Spotlight on rape of girls


Many South African girls, between the ages of nine and 15, have fallen pregnant over the last two years, according to the Department of Education. According to the South African law, this is considered statutory rape where a child younger than 16 has sex with a person older than his or her age.

Help for victims

Zita Mulambo, from the University of Pretoria’s Research, Monitoring and Evaluation Centre for Child Law, says, “A child under the age of 12 is too young to give permission to any sexual act. A sexual act with a child under 12 is automatically a crime. Whether the child gives consent to having sex, as long as she is engaging in sexual activities with an older person, that person can be arrested and charged with statutory rape.” In cases where a child didn’t give consent, she can talk to her parent.

If the parent is the perpetrator, then the child can talk to her teacher, a priest, social workers or a member of the community she can trust. Even in a situation where the child has given consent, a parent or someone close to the child should immediately report it to the police.

What the Department of Education says

Statutory rape often leads to teenage pregnancy which interrupts the learner’s education. In a statement, the Education Department said this is a concern to them and as a result a lot of work is being done in this area. The department says it has a national policy on the prevention and management of learner pregnancy.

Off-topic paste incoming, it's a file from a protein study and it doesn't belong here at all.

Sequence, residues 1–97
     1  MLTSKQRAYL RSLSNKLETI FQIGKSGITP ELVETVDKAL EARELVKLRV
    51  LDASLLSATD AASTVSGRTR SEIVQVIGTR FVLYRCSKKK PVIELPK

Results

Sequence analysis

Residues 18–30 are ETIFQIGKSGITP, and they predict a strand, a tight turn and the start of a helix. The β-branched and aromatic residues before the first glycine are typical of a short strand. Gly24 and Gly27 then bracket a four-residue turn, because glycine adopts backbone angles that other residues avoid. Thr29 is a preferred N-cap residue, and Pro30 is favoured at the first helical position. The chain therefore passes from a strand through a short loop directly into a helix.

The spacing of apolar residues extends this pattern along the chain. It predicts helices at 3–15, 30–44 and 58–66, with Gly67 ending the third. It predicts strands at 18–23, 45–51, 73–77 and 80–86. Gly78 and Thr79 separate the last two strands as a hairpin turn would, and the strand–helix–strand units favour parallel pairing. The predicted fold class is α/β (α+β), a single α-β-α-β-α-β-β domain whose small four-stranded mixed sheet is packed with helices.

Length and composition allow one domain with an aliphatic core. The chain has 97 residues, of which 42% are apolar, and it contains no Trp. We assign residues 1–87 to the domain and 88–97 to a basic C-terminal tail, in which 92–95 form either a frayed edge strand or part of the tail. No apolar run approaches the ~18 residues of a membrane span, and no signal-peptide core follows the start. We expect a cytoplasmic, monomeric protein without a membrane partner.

What can be done?

Mandisa Muruge, a counselling social worker at the Family Life Centre in Johannesburg, says educating your child is crucial when it comes to this matter. “What parents can do is to teach their children about the dangers of engaging in sexual activities at a young age. Teach them about the methods used by perpetrators to gain the child’s trust before committing these crimes.

It’s important for parents to teach their children as much as they can about sex, including diseases that come with engaging in sexual activities,” Mandisa says. She adds that talking about sex should not be a taboo subject in any household. “If parents do not talk to their children about sex, children will get the wrong information outside their homes,” she says.  

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